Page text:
Cassiroc – Chorus Cartel

 Cassiroc – Chorus Cartel

Cassiroc – Chorus Cartel – Album Review

Looks like we’ve got an artist from right here in local Ontario…right from the musical-heart of it all in Toronto – Cassiroc.  Certainly on the different side of the scale…this one-man electronic pop/rock project combines captivating ideas and an original sound that roams through an insightful amount of musical-terrain and ventures into different styles, atmospheres and moods.  Generally speaking – there’s always a tendency to play favorites when hearing a mix of music as diverse as this is from track-to-track…some songs and styles are bound to resonate more strongly with you than others…that’s natural.  That being said…I found strong ideas all over these songs and enjoyable entertainment throughout the Chorus Cartel album.  I can still hear some newness to this artist and some searching for the path he wants to truly define himself on…but I can also hear this is a solid-start to a potentially lengthy and adventurous career in the experience of sound.

When he’s at his most focused, Cassiroc creates melodies and songs you can’t possibly ignore…when he drifts slightly from that focus, the ideas still come through strongly even if the mix could potentially serve the music and songs better at times.  For the record…I’m going from the list I found at the Bandcamp site as opposed to other places online…I think this is the intended lineup of the songs and I’m choosing to go with that…you know, so you can follow along.  I started the Chorus Cartel album with a genius song called “10 Feet Tall” – and I was pretty much hooked on this track from the moment it started.  Cassiroc displays an insightful amount of heart and emotion in this melody…the reverb-laden layers of vocals work well in his favor, the slight-beat of the percussion and the guitar rhythms all come out strongly.  There’s a lo-fi element of the recording that makes this one sound a little more intimate and special to me than some of the other tracks did…and overall, I think “10 Feet Tall” is a fantastic start to the album and perfect first experience with Cassiroc’s music.

Hard to say 100% but from what I can see from the hit-count on these songs from Cassiroc, I’m guessing that he’s promoting the second tune, “Making Life” as the current single.  Personally…I’m a little bit tossed up on this tune – though I’d certainly argue that it’s perhaps a stronger representation of the style and sound that Cassiroc is most prone to explore.  In terms of a single…it’s always better to draw people in with a choice like “Making Life” that will make sense to people when listening to the rest of the material…by contrast, it’ll be a bit of a shock with “10 Feet Tall” starting the record, but overall – this is closer to the authentic-style and unique ideas of Cassiroc on display throughout the album’s second tune.  Personally…I felt like the piano-line/main-line-electro was a little too bright in the mix and dominated a lot of the other beautiful parts of this song too much.  I like the auto-tuned vocals, but they were enveloped in the repetitive mayhem of the other parts in the music…mix-wise, I felt like it cost the idea slightly on “Making Life” from standing out in parts along the way and rather than punching up the definition, it sounds like it succumbs to the idea that it’s all one big idea and blended together.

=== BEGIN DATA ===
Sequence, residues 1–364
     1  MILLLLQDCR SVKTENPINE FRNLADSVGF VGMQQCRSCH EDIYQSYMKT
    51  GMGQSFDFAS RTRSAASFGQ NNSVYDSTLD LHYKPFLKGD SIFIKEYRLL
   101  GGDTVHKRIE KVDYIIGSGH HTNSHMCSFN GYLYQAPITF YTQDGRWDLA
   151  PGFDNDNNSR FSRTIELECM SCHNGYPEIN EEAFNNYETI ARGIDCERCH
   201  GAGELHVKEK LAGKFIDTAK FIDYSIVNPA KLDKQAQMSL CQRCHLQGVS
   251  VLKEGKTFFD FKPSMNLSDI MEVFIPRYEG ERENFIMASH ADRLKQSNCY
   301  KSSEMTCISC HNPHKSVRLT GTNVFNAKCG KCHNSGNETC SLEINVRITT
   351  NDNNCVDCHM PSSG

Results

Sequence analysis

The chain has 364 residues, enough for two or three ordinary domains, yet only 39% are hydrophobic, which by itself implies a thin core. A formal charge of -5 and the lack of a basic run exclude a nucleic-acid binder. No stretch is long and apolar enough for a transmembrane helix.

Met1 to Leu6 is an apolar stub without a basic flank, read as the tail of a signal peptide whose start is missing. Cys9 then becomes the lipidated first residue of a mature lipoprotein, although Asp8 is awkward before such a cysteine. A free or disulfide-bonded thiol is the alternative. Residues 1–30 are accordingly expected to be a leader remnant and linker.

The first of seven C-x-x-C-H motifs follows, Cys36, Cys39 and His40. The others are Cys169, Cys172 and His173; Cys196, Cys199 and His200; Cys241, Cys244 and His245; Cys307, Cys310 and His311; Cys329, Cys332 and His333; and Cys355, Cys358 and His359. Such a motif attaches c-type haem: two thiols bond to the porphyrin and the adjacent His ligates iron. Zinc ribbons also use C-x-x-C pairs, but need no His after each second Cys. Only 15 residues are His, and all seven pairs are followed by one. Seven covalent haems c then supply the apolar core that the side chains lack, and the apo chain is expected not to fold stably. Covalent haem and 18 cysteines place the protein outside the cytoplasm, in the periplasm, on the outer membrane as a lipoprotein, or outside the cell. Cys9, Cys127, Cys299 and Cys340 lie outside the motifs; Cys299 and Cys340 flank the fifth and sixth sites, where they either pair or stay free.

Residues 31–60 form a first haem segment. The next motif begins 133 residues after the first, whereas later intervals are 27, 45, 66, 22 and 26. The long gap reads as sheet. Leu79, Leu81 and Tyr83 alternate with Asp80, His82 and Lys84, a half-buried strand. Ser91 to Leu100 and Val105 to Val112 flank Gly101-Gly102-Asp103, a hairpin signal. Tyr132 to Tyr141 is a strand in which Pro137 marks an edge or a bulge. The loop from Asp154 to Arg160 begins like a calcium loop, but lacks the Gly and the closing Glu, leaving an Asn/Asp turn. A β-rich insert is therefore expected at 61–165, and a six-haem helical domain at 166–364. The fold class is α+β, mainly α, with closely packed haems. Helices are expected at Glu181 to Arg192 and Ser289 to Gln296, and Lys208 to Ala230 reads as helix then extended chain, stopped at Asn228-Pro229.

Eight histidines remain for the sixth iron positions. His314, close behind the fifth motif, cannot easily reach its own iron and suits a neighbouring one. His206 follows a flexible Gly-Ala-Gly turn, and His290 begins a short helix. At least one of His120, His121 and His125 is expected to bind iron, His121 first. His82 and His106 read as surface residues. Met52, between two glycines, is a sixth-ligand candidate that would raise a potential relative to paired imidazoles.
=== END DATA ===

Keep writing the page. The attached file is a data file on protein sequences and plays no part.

I felt like “Night Life City Cruise” still suffered from that a little…but you can hear a bit more definition to each part as they play here.  I like the chillness of the atmosphere…but at the same time, I’m worried about “Making Life” and “Night Life City Cruise” back-to-back this close to the beginning of the record.  All the energy is out of the music at this point…and that somewhat pigeonholes the playlists you’ll find Cassiroc becoming a part of, know what I mean?  I thought the vocals were mixed-in better into “Night Life City Cruise” and I really dig the performance and melody.  I felt like the music’s main-hook, which is a tiny piece of synth-electro, really could have been explored and incorporated more into the song to make it stand-out a little more.  Essentially, the parts are all well-delivered and performed by the writing falls a bit flat here in terms of any hooks…they’re still there but much harder to get to and absorb for the average listener.

“Slick Cars And Diamond Rings” definitely belongs with the set of three that started in the progression from “Making Life” onwards…but I think that Cassiroc has his best-realized version of this idea on display here.  With a more R&B/soulful approach to the vocal-flow, I thought he sounded great on this cut.  Musically, “Slick Cars And Diamond Rings” wanders around a lot but always stays on time with the incorporation of new elements in the music along the way.  Do they all sound like they belong together?  Not all the time honestly…but somehow, Cassiroc has made this one work overall.  I think the atmosphere of “Slick Cars And Diamond Rings” brings out the best in the set of slow-emotional-electro songs he’s put into the beginning of this record.